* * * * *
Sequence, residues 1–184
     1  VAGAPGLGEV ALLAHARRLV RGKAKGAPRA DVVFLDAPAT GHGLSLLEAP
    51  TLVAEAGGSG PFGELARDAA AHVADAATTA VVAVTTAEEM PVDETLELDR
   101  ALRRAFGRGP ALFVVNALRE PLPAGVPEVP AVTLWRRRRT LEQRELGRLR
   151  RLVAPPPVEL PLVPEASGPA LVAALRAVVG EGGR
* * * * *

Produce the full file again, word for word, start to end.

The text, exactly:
Sequence, residues 1–184
     1  VAGAPGLGEV ALLAHARRLV RGKAKGAPRA DVVFLDAPAT GHGLSLLEAP
    51  TLVAEAGGSG PFGELARDAA AHVADAATTA VVAVTTAEEM PVDETLELDR
   101  ALRRAFGRGP ALFVVNALRE PLPAGVPEVP AVTLWRRRRT LEQRELGRLR
   151  RLVAPPPVEL PLVPEASGPA LVAALRAVVG EGGR